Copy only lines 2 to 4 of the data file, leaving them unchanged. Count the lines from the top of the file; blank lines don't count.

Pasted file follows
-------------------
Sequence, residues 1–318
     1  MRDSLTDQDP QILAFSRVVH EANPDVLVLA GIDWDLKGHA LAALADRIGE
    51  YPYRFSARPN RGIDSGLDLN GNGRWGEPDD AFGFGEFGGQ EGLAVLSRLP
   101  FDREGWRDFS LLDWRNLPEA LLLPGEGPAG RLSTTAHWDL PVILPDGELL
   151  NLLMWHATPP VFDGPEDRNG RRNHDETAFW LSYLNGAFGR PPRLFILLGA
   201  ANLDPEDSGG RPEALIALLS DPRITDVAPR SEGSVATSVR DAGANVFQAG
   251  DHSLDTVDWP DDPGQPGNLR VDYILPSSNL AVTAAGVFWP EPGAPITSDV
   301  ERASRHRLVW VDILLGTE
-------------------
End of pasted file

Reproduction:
     1  MRDSLTDQDP QILAFSRVVH EANPDVLVLA GIDWDLKGHA LAALADRIGE
    51  YPYRFSARPN RGIDSGLDLN GNGRWGEPDD AFGFGEFGGQ EGLAVLSRLP
   101  FDREGWRDFS LLDWRNLPEA LLLPGEGPAG RLSTTAHWDL PVILPDGELL